It ain't purty, but it will keep the water out. If it wears a hole in the tarp, you can shift it without even getting wet.

  13. #13
    Member kodiakrain's Avatar
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    Default Third Nod for Splashzone

    Yes Definitely the Z-spar Splashzone compound is THE STUFF, it's miracle cure for all kinds of problems, cures underwater if necessary, sets up rock hard but can be chipped away later with a screwdriver. Not too temp sensitive to cure....Bonds really well to all materials with a tough seal. Keeps well after cans are opened for years. I always have that stuff on the boat.

    I once had a chance to help a guy who had a "stream of fuel" leak off his fuel pump on an old Volvo while far from town, pulled out Splashzone and molded it around the fitting area that was leaking as we had no other way to replumb it. Waited a few hours as I recall, might have been overnight, but it held magnificently. I had to hound him to "get that Splashzone patch off there and fix your fuel pump," later in town. he was so happy with how cheaply and (seemingly)permanently we had fixed it. But he was able to cleanly remove the "Zone Patch" and get the correct fitting on there later.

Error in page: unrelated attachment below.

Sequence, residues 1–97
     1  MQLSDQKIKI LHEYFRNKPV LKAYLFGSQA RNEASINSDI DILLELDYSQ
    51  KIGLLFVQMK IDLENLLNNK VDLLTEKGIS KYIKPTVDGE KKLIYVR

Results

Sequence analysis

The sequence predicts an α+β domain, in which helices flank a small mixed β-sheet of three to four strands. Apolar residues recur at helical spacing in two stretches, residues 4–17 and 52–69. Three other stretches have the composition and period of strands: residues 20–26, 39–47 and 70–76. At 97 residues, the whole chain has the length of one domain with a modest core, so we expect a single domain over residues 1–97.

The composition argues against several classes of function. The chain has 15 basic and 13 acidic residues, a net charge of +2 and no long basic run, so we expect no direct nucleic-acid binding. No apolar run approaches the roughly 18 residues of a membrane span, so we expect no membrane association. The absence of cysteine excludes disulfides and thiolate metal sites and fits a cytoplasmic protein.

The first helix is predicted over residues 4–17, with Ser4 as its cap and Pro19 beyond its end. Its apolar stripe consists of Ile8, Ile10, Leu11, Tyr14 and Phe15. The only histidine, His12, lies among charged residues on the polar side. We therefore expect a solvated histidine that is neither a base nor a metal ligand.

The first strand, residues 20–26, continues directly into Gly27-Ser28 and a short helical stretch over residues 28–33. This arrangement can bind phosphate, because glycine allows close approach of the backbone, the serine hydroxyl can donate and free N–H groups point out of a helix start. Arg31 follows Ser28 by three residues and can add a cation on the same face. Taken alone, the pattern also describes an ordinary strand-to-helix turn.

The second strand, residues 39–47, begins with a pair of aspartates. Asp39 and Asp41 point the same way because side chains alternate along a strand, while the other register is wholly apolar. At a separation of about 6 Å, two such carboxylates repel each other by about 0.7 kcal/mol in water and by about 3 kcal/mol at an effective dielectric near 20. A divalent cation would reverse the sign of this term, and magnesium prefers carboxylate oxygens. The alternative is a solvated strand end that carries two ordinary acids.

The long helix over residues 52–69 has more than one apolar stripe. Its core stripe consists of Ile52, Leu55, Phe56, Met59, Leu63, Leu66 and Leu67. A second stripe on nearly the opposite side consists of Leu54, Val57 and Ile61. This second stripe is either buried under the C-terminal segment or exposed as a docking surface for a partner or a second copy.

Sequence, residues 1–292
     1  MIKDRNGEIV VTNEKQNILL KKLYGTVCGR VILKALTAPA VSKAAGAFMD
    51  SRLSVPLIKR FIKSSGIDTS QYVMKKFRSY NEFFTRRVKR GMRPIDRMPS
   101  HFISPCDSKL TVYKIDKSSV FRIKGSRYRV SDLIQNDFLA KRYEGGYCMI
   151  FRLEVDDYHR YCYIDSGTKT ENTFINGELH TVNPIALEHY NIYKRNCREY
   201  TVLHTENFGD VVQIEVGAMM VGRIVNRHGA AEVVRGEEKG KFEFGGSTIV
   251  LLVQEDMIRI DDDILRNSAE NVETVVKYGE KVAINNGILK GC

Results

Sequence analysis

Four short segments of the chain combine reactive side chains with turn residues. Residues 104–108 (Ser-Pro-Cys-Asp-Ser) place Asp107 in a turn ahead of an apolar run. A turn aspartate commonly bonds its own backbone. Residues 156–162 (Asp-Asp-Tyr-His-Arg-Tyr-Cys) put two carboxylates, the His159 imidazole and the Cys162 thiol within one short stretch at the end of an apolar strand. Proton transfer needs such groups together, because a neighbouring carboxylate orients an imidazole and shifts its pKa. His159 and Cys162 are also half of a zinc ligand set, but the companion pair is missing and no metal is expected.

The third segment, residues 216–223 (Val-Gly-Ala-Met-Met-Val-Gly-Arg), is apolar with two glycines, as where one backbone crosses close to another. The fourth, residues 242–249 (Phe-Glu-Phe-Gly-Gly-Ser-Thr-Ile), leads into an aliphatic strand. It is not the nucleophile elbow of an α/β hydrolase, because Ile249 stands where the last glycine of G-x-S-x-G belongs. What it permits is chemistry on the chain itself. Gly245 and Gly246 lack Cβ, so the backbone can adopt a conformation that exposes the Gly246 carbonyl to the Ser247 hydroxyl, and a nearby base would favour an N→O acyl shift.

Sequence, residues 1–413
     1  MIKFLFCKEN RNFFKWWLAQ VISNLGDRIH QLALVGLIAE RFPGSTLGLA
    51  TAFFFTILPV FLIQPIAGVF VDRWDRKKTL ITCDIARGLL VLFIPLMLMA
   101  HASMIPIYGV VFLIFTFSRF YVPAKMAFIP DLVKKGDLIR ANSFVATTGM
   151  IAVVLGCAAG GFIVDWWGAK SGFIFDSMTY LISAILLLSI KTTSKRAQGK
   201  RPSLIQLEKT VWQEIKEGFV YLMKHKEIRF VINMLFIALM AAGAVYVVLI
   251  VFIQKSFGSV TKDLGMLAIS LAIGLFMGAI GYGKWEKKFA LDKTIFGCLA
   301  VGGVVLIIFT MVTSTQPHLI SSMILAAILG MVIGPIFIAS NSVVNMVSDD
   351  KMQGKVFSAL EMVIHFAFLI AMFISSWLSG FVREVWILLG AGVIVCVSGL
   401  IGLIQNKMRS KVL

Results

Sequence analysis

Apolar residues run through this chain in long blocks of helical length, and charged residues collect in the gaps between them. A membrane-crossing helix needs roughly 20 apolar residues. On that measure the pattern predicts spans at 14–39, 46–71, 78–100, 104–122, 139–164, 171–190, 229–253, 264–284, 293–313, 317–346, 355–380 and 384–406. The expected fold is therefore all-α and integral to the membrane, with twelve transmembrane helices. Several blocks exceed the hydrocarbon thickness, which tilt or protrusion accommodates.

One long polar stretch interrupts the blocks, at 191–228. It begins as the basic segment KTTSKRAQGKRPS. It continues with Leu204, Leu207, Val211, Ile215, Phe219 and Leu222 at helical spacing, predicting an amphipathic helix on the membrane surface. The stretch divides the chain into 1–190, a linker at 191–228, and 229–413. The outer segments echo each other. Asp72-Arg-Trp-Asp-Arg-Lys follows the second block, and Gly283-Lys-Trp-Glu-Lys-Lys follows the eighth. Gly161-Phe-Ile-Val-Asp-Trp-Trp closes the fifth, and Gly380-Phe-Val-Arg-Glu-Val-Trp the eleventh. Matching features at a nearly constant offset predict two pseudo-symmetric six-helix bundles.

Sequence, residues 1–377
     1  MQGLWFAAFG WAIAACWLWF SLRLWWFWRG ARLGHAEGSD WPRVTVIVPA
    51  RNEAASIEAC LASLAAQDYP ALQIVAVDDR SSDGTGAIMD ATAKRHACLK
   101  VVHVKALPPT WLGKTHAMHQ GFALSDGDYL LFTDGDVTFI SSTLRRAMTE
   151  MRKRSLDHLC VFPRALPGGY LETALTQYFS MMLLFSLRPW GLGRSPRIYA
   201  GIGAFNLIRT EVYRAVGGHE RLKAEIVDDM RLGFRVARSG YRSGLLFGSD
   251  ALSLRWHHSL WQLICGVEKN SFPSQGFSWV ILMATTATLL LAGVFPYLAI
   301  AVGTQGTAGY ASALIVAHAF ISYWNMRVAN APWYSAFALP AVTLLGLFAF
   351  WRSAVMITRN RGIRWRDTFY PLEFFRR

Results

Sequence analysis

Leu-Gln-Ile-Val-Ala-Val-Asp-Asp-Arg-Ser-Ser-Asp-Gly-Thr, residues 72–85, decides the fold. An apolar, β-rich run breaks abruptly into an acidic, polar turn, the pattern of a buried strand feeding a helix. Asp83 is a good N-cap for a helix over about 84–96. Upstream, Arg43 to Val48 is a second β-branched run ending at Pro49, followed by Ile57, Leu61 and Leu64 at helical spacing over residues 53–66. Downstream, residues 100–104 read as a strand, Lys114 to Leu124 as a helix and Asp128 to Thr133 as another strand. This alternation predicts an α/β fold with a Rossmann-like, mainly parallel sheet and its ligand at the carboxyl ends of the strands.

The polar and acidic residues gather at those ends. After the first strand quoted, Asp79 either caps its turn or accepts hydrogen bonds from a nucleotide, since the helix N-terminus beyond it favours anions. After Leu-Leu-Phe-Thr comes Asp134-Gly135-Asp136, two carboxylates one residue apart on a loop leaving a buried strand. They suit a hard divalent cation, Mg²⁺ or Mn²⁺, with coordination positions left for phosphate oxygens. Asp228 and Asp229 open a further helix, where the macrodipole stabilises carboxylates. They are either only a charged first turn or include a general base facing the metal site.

Also amazing patch/cover for net snags around the boat, etc. That's Great Stuff
    Ten Hours in that little raft off the AK peninsula, blowin' NW 60, in November.... "the Power of Life and Death is in the Tongue," and Yes, God is Good !